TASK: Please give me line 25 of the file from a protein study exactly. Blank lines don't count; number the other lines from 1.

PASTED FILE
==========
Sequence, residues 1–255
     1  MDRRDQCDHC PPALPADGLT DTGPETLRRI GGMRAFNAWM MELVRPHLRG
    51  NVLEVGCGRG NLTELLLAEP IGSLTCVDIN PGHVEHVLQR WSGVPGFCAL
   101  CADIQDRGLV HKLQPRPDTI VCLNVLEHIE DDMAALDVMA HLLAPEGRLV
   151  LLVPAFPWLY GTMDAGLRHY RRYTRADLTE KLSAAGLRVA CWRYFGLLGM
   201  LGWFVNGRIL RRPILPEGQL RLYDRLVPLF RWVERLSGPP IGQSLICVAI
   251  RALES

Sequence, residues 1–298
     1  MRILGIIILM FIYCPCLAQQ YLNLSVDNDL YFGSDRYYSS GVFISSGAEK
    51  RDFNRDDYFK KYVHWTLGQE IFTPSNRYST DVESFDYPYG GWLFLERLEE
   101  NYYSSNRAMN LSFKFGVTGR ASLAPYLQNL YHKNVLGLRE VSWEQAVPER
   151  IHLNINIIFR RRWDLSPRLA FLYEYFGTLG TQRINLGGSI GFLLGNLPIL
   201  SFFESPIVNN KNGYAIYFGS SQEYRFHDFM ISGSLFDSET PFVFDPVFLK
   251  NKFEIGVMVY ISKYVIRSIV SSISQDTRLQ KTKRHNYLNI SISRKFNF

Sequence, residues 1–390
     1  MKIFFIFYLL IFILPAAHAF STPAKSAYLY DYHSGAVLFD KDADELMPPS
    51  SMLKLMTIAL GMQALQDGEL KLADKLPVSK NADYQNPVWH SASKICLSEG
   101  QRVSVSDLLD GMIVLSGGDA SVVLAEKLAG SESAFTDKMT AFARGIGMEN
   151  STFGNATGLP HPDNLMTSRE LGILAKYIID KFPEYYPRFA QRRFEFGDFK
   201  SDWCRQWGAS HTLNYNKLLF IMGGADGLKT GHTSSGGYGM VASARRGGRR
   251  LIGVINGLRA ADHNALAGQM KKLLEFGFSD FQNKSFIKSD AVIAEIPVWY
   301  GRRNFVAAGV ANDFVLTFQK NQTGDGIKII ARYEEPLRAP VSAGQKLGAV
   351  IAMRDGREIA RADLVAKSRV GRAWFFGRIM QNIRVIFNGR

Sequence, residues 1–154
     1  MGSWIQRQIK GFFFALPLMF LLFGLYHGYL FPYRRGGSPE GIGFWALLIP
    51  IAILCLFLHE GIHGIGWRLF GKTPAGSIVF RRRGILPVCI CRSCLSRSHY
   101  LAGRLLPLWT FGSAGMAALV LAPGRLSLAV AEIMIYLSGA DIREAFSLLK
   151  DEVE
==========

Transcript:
     1  MGSWIQRQIK GFFFALPLMF LLFGLYHGYL FPYRRGGSPE GIGFWALLIP